The movie from yesterday was indeed taken in the dark, though you can see a few flashes of lightning which eerily illuminate the back yard. If I weren’t terrified of thunder and lightning I could have stood out there and been especially awesome, when briefly lit. My food is now I&Love&You Beef Booyah Stew. It comes in cans. The guy I live with is a superb hunter. The stew is really good, and has about the same calories as the totally icky prescription food which I decided I wouldn’t eat. He said that was okay. He considers himself to be a fairly sophisticated consumer of food, but does draw the line at those beef balls (also come in pork, shrimp, etc.); the gray spongy things that you can float in a bowl of Thai noodle soup, say. I therefore decided to draw the line at the icky gray food he was trying to force (gently force) on me. No rain barrels. The dishpans which have been featured in some pictures, but also, if you remember the Trash Can of Mystery sitting on the flagstone; well, that was used to collect rain water pouring from the (blocked) gutter over the driveway. (The guy I live with made a mental note to clean out the gutter again.) We can’t remember if this is technically illegal or not, but it was only seven gallons. For the house plants. There’s a weeping fig (Ficus benjamina) in my bedroom which was looking very unhappy earlier this summer, and it got a drink of rain water, and immediately grew zillions of shiny new leaves. The guy I live with got the message. No need to fertilize; just use rain water.
Weird, cool flower. You’ve got a pretty nice view from your fort, dear fluffy boy.
Thanks; I agree that the view is nice, though I prefer to lie out on the patio. Or, if the guy I live with is working in the garden, go out and sit with him. It’s fun watching people work. Weird flower indeed. It doesn’t smell, unlike many of the others.
I read your last two posts, Chess, in the desert, a place devoid of something that enables video-watching and commenting. (gnashes teeth) I was smack-dab in the middle of gated planned-communities with rolling green lawns, trees, bushes, and herds of gardeners all armed with noisy machines. What have we done with the desert? Deserts are special spots of unique beauty and peace and, yes, struggle. Now home again, I can watch those lovely videos of rain pouring down, and remember the days of watering houseplants with captured rainwater. (heaves big sigh) Oh, why would filling trashcans with rainwater be illegal? The place you live in is almost as strange as the desert I visited. In the end photo, Chess, you appear much the high-ranking Border diplomat having his portrait done by the current society portrait artist. Certainly you deserve the reward of a biscuit after portrait-sitting duties are complete.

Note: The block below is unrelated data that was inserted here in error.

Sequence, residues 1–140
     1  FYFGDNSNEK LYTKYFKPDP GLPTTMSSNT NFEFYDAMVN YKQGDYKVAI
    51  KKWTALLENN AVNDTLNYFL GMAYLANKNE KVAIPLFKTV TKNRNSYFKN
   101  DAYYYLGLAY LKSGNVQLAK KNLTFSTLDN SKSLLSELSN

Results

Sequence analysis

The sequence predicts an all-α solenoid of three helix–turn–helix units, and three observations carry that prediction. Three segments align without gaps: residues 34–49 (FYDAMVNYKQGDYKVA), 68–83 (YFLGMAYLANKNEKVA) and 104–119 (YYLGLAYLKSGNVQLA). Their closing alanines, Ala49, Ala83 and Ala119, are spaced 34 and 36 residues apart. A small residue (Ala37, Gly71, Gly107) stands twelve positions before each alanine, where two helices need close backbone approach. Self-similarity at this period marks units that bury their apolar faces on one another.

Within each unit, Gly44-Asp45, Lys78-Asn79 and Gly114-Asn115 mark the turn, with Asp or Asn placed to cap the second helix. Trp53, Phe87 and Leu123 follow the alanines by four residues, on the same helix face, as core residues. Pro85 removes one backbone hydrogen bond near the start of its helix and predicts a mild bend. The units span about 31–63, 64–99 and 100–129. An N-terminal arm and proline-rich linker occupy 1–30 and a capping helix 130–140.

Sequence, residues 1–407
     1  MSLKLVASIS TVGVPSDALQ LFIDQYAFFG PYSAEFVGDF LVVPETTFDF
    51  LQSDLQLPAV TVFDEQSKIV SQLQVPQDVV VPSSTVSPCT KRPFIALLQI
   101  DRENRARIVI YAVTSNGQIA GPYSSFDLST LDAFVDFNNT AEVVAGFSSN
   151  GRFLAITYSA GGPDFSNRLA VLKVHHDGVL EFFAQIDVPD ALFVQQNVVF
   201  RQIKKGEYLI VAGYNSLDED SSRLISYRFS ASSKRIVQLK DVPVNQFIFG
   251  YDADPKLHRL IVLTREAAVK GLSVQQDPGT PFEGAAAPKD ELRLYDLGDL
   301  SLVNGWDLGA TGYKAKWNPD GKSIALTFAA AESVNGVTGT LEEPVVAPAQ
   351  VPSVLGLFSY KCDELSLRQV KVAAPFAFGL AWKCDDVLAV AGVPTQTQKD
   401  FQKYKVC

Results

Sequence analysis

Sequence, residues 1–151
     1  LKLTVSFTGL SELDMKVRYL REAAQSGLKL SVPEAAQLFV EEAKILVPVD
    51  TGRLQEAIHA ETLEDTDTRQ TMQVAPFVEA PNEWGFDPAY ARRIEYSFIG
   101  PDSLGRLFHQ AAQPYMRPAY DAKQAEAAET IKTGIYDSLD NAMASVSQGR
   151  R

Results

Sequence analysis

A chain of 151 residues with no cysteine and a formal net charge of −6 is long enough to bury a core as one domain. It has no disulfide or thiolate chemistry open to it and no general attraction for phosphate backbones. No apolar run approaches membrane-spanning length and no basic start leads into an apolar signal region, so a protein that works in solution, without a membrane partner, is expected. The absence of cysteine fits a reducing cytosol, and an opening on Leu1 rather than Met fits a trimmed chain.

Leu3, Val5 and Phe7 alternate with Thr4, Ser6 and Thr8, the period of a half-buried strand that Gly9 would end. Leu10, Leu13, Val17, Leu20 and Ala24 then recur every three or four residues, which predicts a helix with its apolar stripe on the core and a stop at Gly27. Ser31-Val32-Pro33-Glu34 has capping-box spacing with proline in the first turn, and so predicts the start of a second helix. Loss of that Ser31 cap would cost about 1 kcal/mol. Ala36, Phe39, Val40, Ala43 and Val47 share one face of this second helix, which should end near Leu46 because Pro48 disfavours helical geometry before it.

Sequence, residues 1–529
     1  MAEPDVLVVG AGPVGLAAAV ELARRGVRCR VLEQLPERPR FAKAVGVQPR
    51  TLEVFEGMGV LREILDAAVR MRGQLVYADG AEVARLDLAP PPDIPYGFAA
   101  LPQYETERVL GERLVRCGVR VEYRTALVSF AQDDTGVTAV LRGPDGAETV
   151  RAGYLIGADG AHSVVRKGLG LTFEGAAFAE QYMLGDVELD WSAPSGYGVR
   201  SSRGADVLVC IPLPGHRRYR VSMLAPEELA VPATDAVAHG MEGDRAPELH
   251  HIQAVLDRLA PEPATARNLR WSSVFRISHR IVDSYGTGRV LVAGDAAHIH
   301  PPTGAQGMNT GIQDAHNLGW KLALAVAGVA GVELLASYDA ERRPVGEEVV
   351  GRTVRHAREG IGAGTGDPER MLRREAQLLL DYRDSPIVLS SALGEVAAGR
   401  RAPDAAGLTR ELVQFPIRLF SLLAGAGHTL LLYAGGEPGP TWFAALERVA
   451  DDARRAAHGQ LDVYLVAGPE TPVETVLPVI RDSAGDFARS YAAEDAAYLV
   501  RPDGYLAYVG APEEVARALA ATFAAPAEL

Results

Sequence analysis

Thanks; I do get a lot of biscuits, though the guy I live with says I have to mind my calorie intake now. I think a picture of me painted by Sargent would have been memorable. (My mommy was agog when she saw the real life Sargents at the Metropolitan Museum of Art.) The guy I live with says we’ve gotten about an inch of rain for the month of August. The movies make it seem like much more, don’t they? It’s rained almost every day, but usually just brief sprinkles, accompanied by lots of thunder. Apparently runoff from the gutter is someone else’s water, though if it runs off into the garden it’s ours. That’s why the sand piles, for plants that grow in such environments, and also why most of the garden is mulched with rock, not pieces of wood. Water permeates the rock, but just bounces off wood. The guy I live with reads California water blogs, too. I guess that once people travel past the “tree line” (Gary Snyder’s definition of “the west”), weirdness sets in. As I said before, people with relatively tiny green lawns in this neighborhood pay a couple hundred dollars a month for water; our bill this month is fifty-six dollars.